Site 2

VLF–R data. Figure 19 displays the VLF–R modeling results. The 2–D model consists of a stratified medium laterally interrupted by a resistive contact with a 60o dip (Figure 19a). The topographic effect of the granitic wall is also included in the model by considering a hill with a height of 50 m and 45o slope. The layered structure is that obtained from the 2.5–D modeling of VES 2. As the measured profile is 33o off from the normal to the wall, the 2–D results are projected into the profile. The fit in the tilt response from Cutler (Figure 19b) is not optimum. However, the low observed intensities are well reproduced. The strong tilt anomaly from the Jim Creek antennae is well fitted by the calculated response (Figure 19b). In contrast, the calculated apparent resistivities are systematically greater than the measured ones (Figure 19c). At the right end of the profile, where the effect of the resistive block is negligible, the calculated apparent resistivities are approximately 300 Ω·m, while the observed ones are about 50 Ω·m. As the stratified medium is based on the interpretation of VES 2, this discrepancy suggests a significant disagreement between the VLF–R apparent resistivities and those of the Schlumberger sounding, in a similar way to that in site 1.

Vertical Electric Sounding. The preferred Occam and layered models of VES 2 are shown in Figure 11. The fits between calculated and observed responses are good, with misfit errors of 0.53 and 0.52, respectively. We were forced to consider misfit errors less than unity, indicating data overfitting. For errors close to unity the misfits were large for large electrode spreads. In a first try the data were inverted to unconstrained four–layered models, i.e., with all layer parameters varying during the inversion process. All these models share a strong equivalence problem in the conductance of the third layer. This obviously produces a large uncertainty in the depth to the basement. To circumvent this problem, we constrained the inversion (Figure 11b) by fixing the third layer resistivity in 57.3 Ω·m, which is the inferred value of the corresponding layer in the constrained inversion of VES 1. With this approach the depth to the resistive basement is 43.7 m. In the layered model of Figure 11b we include two types of parameter error bars; those with a solid line are estimated with the resistivity of the third layer fixed, while those plotted with dashed lines were estimated by considering this resistivity free to vary. For the latter, the largest error bars correspond to the conductive layer, confirming the equivalence problem. Constraining this resistivity clearly reduces the equivalence, notably decreasing the uncertainty in the conductor thickness.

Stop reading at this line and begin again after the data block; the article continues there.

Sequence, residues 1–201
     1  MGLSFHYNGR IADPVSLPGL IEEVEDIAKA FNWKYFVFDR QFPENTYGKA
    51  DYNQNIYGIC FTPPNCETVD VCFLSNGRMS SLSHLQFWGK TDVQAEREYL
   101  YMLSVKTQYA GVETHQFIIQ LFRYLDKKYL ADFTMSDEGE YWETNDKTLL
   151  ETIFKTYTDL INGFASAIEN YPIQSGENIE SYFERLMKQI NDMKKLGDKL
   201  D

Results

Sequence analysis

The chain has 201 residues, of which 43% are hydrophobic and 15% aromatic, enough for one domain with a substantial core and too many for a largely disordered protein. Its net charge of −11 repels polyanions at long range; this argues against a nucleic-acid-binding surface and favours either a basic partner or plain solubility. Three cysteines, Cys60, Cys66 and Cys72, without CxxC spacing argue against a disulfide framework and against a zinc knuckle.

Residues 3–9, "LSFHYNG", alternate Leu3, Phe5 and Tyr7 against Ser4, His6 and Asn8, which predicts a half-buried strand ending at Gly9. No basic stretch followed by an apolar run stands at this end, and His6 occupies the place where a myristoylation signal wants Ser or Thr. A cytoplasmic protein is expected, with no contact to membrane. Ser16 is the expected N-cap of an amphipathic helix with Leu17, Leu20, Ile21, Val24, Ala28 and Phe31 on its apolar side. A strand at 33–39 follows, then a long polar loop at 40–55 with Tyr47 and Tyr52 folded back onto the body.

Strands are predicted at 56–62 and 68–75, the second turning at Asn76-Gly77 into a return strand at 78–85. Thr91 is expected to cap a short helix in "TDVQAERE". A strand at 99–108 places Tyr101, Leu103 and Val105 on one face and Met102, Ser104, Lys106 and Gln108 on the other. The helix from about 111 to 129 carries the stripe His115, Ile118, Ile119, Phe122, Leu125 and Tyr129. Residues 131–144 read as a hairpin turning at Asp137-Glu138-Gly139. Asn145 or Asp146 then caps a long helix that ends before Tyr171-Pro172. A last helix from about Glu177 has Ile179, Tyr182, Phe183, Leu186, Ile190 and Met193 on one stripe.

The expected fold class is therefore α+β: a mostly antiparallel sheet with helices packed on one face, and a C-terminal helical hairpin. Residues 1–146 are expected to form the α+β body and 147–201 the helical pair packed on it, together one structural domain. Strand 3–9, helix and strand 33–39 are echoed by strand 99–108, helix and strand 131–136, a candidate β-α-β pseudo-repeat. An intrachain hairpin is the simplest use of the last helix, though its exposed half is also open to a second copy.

The granitic mass outcropping in the southern end of this site may affect the apparent resistivity measurements of the VES 2. To evaluate this possibility we used the finite differences. Figure 20 shows the 2.5–D modeling results. The center of the Schlumberger sounding is 53 m from the granitic wall and the electrode spread is parallel to it. Using the modeling result of the VLF–R data, the granitic block was also simulated with a 60o dipping fault contact (Figure 20a), while for the layered structure of the sediments, we initially considered the four–layer model of Figure 11b. The final model, obtained by trial and error, is shown in Figure 20a. The measured apparent resistivities of VES 2 and that calculated from the model are shown in Figure 20b. The fit is satisfactory, with an rms error of 0.78. In relation to the initial model, we had to modify the basement depth and resistivity under the sounding and the resistivity of the conductive layer. Certainly, it would have been desirable to have more VES sounding to better constrain the dip of the resistive block. As mentioned above, we attempted to measure one more sounding closer to the wall, but high contact resistances prevented the acquisition of good data.